The Western Diamondback Rattlesnake (Crotalus atrox), sometimes called the Texas Diamondback, resides in the southwestern parts of the United States from central Arkansas to southeastern and central California and northern Mexico. Although its venom, mostly hemotoxic, is not as potent as that of the Eastern Diamondback, this snake is responsible for the most snakebites in the US. It is considered to be the most aggressive rattlesnake.
As its eastern cousin, the Western Diamondback can be identified by its rattle and diamond-shaped markings, however, the snake’s color can vary from reddish to pinkish-brown to a chalky white. This snake also has distinct white and black rings at the tail tip just before the rattle. This snake is typically found in 4-5 foot lengths.
The Timber Rattlesnake (Croatus horridus) is typically 36-48 inches long and can be found in the United States from eastern Texas north to Wisconsin eastward except for Maine.
It can be identified by its dark chevron markings and the rattle, but it can have one of two different background colors – yellow and black.
The Timber Rattlesnake is fairly docile and will prefer to retreat when encountered. However, it will defend itself if threatened. Bites from this snake should not be taken lightly as it has long fangs and yields a large amount of hemotoxic venom.
The Massasauga Rattlesnake (Sistrurus catenatus) can be found in the midwest from southern Ontario to northern Mexico and can be identified by its irregular-shaped dark blotches on a gray or brown background. There are three subspecies – Eastern Massasauga, Western Massasauga, and Desert Massasauga.
The Massasauga prefers to avoid humans. Like other rattlers, it shakes its tail above the ground when it perceives danger, though not as high.
It does have potent venom, more so than the Timber Rattler, but its fangs are short and a minimal amount is injected with a bite.
Northern Pacific Rattlesnake
The Northern Pacific Rattlesnake (Crotalus oreganus oreganus) is a subspecies of the Western Rattlesnake (Crotalus oreganus). It is usually yellow-brown or gray with dark blotches. This snake is typically found in southern British Columbia, Washington, Oregon, Idaho, and California. The average length is about 3 feet.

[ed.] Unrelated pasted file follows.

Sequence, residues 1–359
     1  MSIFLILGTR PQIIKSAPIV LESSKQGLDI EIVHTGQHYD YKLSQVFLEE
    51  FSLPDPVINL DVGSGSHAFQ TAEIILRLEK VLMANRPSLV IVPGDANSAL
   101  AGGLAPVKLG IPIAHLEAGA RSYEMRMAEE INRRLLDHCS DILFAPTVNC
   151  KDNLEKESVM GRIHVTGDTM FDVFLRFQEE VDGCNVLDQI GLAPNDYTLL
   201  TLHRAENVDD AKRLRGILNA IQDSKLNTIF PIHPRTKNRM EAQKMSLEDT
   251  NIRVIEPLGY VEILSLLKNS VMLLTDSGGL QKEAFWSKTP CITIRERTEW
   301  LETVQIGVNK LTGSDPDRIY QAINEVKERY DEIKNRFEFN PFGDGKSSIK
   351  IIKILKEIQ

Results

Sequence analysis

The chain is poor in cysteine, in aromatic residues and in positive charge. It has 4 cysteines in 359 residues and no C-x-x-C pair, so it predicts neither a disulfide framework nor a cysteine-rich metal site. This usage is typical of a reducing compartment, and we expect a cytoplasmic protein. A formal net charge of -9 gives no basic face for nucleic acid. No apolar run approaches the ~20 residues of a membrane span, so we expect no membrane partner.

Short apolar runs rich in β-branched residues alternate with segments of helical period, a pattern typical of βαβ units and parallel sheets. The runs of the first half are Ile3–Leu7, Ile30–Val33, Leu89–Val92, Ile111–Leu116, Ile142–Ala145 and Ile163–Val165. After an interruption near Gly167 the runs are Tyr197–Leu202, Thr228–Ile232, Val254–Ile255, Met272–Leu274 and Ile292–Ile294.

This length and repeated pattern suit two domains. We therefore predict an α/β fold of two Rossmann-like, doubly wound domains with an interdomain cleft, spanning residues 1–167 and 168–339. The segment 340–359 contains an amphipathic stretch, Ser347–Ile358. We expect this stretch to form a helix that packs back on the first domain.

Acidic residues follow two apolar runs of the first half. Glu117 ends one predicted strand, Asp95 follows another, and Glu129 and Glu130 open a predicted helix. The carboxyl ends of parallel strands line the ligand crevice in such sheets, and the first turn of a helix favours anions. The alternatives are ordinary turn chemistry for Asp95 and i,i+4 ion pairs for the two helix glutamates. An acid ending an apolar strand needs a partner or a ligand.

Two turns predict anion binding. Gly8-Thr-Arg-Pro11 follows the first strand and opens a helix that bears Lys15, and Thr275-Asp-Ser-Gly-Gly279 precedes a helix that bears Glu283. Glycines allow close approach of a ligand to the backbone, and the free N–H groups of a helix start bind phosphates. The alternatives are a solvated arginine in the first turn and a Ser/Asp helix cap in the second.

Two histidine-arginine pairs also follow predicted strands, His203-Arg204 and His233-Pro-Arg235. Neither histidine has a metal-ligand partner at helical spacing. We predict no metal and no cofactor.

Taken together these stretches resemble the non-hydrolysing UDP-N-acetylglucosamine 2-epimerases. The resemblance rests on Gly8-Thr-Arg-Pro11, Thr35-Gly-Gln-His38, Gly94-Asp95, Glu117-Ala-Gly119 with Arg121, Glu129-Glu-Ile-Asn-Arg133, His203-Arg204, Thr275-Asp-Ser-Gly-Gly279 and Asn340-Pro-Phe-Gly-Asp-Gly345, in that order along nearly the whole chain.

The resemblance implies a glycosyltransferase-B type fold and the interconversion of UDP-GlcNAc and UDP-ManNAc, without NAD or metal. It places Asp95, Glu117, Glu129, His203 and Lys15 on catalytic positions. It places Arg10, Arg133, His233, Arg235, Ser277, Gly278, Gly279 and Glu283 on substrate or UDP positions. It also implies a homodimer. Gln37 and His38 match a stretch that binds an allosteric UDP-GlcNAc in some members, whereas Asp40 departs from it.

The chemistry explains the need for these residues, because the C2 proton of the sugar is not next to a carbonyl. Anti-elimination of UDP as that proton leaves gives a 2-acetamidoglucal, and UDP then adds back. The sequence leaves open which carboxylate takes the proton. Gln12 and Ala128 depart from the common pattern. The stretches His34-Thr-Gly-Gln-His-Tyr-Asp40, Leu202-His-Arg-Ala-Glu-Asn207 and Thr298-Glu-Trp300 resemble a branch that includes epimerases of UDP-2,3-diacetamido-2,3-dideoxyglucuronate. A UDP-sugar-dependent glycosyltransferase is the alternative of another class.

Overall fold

The Northern Pacific Rattlesnake avoids humans and large predators but will hiss and shake its rattle as a warning when threatened.
The bite from the Northern Pacific Rattlesnake can result in severe envenomation. The venom has neurotoxic, hemotoxic, and myotoxic properties.
The Prairie Rattlesnake (Crotalus viridis) is found in southwestern Canada, the western and central United States, and northern Mexico. Typically avoiding the desert area, they are most often found in grasslands and prairies. They can also be seen in woods, in caves, and on rock ledges.
The color is varied among these snakes. Most are greenish-gray or greenish-brown while some are yellowish or light brown. There is a series of blotches down the back which transform into rings at the tail.
The Prairie Rattlesnake possesses a potent venom but has small venom glands which contain a moderate amount. Generally, up to half or less of its venom is injected in a single bite. Sometimes the snake will inflict a dry bite absent of any venom.
Common Venomous Snakes Other Than Rattlesnakes
Rattlesnakes aren’t the only snakes to watch for when hiking. There are other venomous snakes you are likely to encounter depending on your location.
Cottonmouth (Water Moccasin)
The Cottonmouth (Agkistrodon piscivorus) or Water Moccasin as it is sometimes called, thrives in swamps and rivers in the southeastern United States. Though not a true aquatic snake, the Cottonmouth swims quite well.
Most Cottonmouths are 3-4 feet in length and vary in color and markings. The background color can be tan to olive while the irregular patterns can be dark brownish-green, copper, or almost black.
When the Cottonmouth senses a threat, it will oftentimes open its jaw and display the white interior of its mouth, which is where the snake gets its name.